As both a professor and a fitness instructor, there’s one question in my life that just keeps coming up in the studio and in the seminar room: What can I do to resist a weight-loss culture so ubiquitous that our go-to female bonding rituals include comments like “I ate so much” or “Do these jeans make me look fat?” That the ads urging us to “get a summer body” start long before the temps rise above sweater weather?
My stock answer so far: Telling women and girls whenever I get the chance, “Stop using diet talk as a conversation starter!”
That way, I reason, we can start to change how we speak about ourselves and to each other. And maybe we’ll begin to explode the assumption that vigilantly watching waistlines and counting calories is a core responsibility of womanhood.
Lately, though, while I still embrace the intent, I have become less sure about this strategy.
Of course, many feminists point out the damage diet talk can do, and maybe the message is sinking in: Women’s Health banned “bikini body” from its cover (a phrase Well+Good has deliberately never endorsed), Refinery29 features plus-size models in photos for articles that aren’t about plus-size women, and even Weight Watchers—whose core business is weight loss—has rebranded to emphasize wellness and self-care over watching the scale.
Body positivity is a potentially paradigm-shifting movement that has expanded far beyond the borders of Instagram with a power that would have been unimaginable back in 1973, when the radical Fat Liberation Manifesto proclaimed “Fat People of the World Unite—You Have Nothing to Lose!” From that perspective, our current moment should feel triumphant and in some ways it truly does. But lately, I worry, newly “empowered” speech—and silence—around eating and exercise can create rather than alleviate new anxieties about our bodies, all while masking how much the old ones are still with us.
Given I research feminism and fitness as a profession, I am embarrassed to admit that I figured this out during a decidedly intimate moment. Several months after giving birth, I was buttoning into a smaller pair of (non-stretch!) jeans than I had worn in years, and I was positively gleeful. Yet smiling at the size on the label and the number on the scale, I also felt an unmistakable, familiar guilt. A decade earlier, I had just started grad school and had begun to identify as a feminist. Reading in the growing field of Fat Studies, which applied Naomi Wolf’s critique of beauty culture-as-patriarchy to fitness, I no longer could look at exercise (which I was, by most standards, obsessive about) in the same way.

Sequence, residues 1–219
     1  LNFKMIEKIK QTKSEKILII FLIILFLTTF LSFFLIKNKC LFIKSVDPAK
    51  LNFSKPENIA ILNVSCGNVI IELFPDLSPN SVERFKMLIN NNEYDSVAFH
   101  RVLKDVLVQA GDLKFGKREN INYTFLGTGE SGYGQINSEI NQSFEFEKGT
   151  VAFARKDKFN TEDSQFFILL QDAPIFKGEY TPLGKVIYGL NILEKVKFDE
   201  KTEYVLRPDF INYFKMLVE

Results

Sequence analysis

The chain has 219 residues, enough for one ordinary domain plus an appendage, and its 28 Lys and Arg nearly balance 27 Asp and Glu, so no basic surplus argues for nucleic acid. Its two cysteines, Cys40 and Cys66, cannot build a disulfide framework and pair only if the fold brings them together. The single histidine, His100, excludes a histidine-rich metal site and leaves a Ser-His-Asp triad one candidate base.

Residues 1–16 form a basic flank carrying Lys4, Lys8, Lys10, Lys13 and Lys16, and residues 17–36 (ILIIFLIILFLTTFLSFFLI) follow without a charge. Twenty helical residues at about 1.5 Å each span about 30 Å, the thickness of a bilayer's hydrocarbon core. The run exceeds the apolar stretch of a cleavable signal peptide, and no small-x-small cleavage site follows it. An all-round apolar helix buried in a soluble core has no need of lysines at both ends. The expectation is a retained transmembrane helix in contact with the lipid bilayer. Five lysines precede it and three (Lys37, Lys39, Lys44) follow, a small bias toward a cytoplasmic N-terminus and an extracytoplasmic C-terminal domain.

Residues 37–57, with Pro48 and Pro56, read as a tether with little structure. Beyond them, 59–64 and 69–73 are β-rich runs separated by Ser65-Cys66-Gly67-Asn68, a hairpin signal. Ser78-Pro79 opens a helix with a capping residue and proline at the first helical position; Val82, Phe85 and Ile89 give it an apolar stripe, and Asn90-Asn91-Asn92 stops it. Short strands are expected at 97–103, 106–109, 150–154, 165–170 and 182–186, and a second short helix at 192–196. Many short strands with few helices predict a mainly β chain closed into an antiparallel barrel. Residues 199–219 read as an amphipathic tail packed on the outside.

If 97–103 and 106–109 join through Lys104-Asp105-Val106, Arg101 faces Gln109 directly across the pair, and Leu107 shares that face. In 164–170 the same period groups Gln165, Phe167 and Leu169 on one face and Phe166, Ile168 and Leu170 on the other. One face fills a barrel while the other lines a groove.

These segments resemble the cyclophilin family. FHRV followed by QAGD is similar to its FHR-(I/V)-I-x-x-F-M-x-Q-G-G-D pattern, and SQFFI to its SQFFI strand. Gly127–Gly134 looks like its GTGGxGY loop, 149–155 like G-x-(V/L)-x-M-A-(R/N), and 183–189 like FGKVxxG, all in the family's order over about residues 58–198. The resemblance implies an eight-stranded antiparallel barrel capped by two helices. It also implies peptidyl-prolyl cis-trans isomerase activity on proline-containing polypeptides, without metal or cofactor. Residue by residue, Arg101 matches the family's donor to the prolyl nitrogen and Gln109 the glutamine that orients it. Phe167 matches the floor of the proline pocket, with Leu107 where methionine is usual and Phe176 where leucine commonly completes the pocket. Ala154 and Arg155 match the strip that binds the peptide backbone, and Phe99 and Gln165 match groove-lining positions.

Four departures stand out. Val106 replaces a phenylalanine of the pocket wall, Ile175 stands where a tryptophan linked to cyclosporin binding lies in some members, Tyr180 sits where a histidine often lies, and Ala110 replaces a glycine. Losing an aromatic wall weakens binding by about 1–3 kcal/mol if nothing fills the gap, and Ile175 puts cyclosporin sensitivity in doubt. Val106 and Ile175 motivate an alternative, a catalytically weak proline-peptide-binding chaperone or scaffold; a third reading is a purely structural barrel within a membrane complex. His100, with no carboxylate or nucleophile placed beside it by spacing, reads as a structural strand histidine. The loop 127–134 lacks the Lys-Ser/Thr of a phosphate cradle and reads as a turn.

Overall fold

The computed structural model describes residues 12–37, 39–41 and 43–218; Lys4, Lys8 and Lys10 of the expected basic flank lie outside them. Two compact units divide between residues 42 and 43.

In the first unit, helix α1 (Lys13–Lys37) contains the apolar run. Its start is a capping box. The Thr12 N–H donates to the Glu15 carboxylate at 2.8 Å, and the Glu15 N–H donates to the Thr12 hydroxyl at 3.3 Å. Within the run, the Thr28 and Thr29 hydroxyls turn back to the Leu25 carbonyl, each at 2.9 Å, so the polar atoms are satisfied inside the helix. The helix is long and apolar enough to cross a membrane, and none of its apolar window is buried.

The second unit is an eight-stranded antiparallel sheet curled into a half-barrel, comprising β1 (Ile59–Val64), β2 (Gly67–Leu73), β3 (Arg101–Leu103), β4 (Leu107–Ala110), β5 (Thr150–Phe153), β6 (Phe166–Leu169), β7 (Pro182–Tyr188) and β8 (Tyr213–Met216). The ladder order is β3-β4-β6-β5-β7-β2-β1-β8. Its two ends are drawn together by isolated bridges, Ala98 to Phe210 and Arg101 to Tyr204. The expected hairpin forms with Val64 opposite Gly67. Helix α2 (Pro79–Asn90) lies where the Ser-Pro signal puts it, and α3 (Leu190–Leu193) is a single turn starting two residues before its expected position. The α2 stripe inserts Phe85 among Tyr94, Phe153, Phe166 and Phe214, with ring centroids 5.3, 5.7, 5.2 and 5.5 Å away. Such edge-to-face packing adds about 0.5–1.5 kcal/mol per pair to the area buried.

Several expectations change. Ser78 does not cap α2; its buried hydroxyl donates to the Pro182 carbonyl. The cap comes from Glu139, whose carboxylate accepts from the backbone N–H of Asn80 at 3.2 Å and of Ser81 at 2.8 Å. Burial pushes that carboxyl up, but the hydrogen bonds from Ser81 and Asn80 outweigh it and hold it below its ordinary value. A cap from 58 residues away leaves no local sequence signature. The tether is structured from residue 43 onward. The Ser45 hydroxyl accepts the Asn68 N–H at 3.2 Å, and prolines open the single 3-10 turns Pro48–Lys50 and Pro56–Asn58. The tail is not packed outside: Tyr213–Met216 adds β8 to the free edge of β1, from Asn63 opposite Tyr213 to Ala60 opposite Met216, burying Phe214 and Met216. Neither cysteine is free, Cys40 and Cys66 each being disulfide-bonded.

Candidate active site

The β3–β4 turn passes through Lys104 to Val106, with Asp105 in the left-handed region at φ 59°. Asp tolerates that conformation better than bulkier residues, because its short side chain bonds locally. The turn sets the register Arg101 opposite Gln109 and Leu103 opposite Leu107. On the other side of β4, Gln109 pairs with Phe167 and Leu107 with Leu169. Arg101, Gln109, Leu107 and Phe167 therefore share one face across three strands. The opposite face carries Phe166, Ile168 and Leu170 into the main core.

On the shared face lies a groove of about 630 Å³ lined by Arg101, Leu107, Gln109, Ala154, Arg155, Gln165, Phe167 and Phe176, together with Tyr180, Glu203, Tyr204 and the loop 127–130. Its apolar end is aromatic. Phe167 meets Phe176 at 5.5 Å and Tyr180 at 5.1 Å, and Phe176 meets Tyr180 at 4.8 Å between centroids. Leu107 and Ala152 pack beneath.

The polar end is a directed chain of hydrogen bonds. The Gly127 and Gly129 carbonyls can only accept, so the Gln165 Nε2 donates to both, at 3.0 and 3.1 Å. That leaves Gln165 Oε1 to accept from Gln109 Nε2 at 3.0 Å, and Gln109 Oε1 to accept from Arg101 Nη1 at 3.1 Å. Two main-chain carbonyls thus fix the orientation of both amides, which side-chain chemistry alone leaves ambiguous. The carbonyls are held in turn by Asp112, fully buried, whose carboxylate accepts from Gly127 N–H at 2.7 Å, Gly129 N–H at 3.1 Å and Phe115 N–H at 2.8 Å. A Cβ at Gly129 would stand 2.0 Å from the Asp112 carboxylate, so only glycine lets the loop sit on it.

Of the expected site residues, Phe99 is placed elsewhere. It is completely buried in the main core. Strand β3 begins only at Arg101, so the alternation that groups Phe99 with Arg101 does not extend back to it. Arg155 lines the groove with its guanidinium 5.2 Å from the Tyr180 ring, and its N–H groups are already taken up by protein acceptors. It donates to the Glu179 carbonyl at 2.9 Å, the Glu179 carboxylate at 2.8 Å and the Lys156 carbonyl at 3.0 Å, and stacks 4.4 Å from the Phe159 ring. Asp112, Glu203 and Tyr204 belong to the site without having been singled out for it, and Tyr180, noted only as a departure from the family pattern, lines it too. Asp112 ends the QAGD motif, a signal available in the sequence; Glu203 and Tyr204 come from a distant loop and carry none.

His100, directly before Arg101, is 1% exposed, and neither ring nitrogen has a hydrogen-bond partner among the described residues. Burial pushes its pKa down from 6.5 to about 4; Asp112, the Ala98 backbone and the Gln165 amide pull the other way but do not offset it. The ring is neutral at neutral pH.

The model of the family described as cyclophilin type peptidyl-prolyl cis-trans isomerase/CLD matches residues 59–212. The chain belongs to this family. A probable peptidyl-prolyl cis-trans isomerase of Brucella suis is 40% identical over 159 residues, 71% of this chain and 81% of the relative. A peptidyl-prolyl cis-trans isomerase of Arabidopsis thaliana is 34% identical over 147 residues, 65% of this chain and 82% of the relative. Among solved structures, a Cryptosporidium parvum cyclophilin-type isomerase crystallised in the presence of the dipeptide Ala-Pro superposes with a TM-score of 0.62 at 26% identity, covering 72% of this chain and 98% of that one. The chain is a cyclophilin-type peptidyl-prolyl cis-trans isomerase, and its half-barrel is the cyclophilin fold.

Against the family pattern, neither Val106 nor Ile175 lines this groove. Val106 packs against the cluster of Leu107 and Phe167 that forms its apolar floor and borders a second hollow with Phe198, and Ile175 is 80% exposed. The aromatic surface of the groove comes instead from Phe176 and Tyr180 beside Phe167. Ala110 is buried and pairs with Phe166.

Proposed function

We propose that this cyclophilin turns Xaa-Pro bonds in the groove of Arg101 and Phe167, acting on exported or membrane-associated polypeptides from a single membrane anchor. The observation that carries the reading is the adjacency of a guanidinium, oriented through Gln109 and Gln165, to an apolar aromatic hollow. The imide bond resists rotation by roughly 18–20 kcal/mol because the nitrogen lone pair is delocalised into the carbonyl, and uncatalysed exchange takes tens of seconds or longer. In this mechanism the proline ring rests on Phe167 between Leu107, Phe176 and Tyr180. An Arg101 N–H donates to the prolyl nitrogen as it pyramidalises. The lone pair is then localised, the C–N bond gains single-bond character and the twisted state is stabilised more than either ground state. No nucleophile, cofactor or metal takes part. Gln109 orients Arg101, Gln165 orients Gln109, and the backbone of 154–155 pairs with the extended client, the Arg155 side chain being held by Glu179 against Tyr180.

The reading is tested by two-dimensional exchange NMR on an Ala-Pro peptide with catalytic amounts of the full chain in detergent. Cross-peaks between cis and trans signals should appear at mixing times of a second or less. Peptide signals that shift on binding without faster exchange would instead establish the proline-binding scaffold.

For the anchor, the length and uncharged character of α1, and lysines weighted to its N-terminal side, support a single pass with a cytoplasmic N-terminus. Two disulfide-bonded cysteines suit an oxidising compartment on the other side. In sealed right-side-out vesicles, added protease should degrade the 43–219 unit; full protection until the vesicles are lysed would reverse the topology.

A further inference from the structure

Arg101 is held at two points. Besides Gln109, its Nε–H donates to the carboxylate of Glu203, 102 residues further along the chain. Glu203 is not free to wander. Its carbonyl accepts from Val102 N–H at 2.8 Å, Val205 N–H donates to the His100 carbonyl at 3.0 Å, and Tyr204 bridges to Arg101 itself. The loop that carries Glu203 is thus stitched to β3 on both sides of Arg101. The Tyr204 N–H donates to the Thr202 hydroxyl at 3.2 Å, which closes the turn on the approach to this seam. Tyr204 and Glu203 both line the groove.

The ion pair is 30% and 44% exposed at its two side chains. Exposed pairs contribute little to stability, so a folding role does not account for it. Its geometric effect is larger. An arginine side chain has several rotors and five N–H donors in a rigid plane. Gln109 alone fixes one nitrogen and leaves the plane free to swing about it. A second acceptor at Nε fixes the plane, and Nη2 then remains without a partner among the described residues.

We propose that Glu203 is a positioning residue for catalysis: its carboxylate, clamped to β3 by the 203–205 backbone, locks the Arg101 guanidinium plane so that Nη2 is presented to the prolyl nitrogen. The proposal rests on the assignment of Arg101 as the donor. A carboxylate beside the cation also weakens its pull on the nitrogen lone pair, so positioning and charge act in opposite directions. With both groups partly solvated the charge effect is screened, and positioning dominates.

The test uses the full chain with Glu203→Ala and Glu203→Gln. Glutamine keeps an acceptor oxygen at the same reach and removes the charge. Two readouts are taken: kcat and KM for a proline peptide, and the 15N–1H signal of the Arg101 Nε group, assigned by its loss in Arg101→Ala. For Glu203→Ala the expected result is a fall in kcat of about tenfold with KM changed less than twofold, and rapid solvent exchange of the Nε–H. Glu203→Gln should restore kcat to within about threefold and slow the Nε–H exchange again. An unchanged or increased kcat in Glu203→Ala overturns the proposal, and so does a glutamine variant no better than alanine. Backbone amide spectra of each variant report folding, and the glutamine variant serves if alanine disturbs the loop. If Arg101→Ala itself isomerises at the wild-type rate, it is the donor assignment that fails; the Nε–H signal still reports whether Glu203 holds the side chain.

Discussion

Specifically, I no longer wanted to admit that in addition to the community and confidence I found at the gym, I also loved that it made me thinner. Finding joy in a space so strongly defined by disempowering diet talk (and it really was in those days: think “inspirational” cues like, “Be good now if you were bad at dessert!” and “Torch that fat!”) was basically playing into the patriarchy, as I understood it. Unable to find words to reconcile this tension, I would literally stuff my spandex underneath my notebooks when I went to TA Feminist Studies, an unsustainable situation that forced me to figure out a healthier relationship to exercise, food, and my body.
Fast-forward to 2009 and post-baby me—still feminist and body-conscious, if less obsessively so—had a sleek, woke new vocabulary to resolve that pesky contradiction between the pursuit of thinness and my progressive politics. I wasn’t restricting; I was “eating clean.” I wasn’t counting calories; I was practicing “mindful eating.” I wasn’t lightheaded from starving; “detoxing” isn’t supposed to be easy. This was no diet; this was self-care. I might be dropping weight even faster on this organic juice cleanse than when I used to pop pills from a jar labeled DIET FUEL in neon red, but no way was this disempowering, I thought. Is this what Audre Lorde meant by “political warfare”?